Hearing On Smithfield Foods' $42M Settlement Set For October

Foodservice companies that purchased any of more than 50 pork products from 2009 through April 19 of this year are moving closer to being compensated as part of a $42 million settlement in a price-fixing lawsuit involving Smithfield Foods Inc.

Attorneys for plaintiffs in a class action suit against the world’s largest pork producer said today that a Minnesota court has approved notifying what the attorneys estimate could amount to hundreds of thousands of potential settlement beneficiaries.

Smithfield’s alleged co-conspirators, which include Hormel Foods Corp., Tyson Foods Inc. and the analytics firm Agri Stats Inc., have not reached settlements in the continuing antitrust case.

Smithfield has agreed to cooperate with the plaintiffs as the case moves forward.

Plaintiffs in the original 2018 lawsuit ranged from casual-dining chains like LongHorn Steakhouse to sandwich shops like Wisconsin-based Erbert & Gerbert’s.



Because of the class-action status, any entity that purchased a pork product in the United States from Smithfield or any other other company between Jan. 1, 2009 and April 19, 2021 “for business use in commercial food preparation” could potentially benefit from the $42 million settlement.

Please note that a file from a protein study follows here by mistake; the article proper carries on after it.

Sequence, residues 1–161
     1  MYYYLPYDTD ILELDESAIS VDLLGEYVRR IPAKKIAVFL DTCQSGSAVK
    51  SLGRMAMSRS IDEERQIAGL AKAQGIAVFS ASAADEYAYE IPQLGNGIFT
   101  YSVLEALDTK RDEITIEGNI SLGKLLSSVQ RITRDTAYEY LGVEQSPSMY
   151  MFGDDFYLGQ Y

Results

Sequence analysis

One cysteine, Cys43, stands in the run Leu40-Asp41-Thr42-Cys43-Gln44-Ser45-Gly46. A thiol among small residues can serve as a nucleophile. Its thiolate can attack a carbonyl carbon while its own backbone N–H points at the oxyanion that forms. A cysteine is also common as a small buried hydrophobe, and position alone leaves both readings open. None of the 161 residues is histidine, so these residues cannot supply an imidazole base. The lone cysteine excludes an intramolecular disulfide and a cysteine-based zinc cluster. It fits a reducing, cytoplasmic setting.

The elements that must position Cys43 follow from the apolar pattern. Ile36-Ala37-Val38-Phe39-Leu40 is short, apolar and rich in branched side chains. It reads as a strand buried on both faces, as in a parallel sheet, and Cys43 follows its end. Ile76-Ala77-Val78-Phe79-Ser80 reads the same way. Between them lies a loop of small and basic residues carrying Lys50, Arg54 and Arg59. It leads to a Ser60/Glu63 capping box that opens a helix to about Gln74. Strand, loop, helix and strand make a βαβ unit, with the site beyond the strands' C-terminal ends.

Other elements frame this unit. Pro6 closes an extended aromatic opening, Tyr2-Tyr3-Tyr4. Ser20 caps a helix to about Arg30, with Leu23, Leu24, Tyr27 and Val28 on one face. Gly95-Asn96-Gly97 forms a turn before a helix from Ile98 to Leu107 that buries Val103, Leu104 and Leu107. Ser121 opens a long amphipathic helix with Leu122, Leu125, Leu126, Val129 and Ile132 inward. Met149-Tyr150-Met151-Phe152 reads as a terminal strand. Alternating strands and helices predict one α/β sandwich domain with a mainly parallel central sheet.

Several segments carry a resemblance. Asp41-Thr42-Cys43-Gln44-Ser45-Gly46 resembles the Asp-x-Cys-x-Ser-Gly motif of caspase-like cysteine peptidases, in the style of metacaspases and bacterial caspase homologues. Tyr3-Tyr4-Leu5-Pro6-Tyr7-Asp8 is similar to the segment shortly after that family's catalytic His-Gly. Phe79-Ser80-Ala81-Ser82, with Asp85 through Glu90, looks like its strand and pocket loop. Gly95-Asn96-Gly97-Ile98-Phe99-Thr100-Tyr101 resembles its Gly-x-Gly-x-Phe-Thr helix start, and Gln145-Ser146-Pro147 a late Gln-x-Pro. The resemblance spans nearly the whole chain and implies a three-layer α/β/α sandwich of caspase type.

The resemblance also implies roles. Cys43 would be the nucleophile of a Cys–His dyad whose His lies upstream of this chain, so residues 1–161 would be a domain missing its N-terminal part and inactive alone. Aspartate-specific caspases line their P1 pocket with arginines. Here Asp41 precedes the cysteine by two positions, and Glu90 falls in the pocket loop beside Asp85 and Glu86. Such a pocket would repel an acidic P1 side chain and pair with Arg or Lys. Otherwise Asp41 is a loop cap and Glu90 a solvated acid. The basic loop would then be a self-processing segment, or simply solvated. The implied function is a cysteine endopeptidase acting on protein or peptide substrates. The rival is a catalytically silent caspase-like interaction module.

Three months ago, a federal judge in Minnesota approved the settlement subject to possible modifications. The final status will be determined after a fairness hearing scheduled for Oct. 17.

“This settlement eliminates a substantial portion of our remaining exposure in the antitrust litigation for an amount that we believe is in the best interest of our company, as well as our employees, customers and consumers,” Smithfield said at the time. “It significantly reduces the distraction, expense, exposure and inconvenience of protracted litigation and it allows us to focus on executing the long-term strategy of our business.”

Going forward, Smithfield will be subject to “non-monetary relief like cooperation in the prosecution of claims against the remaining, non-settling defendants.”

Among other stipulations, the settlement does not prohibit the defendants from seeking phone records “from third-party phone carriers relating to Smithfield’s current or former employees’ phone records” between January 1, 2008 and June 30, 2018.

In 2013, Virginia-based Smithfield was acquired by China’s Shuanghui Group—now known as WH Group—for $4.7 billion.

According to the suit, Agri Stats is alleged to have provided “highly sensitive” benchmarking reports “to most pork integrators thereby allowing competitors to compare their profits or performance against that of other companies.

“The effect of this anti-competitive exchange of non-public information allegedly allowed pork integrators to control the supply and price of pork.”

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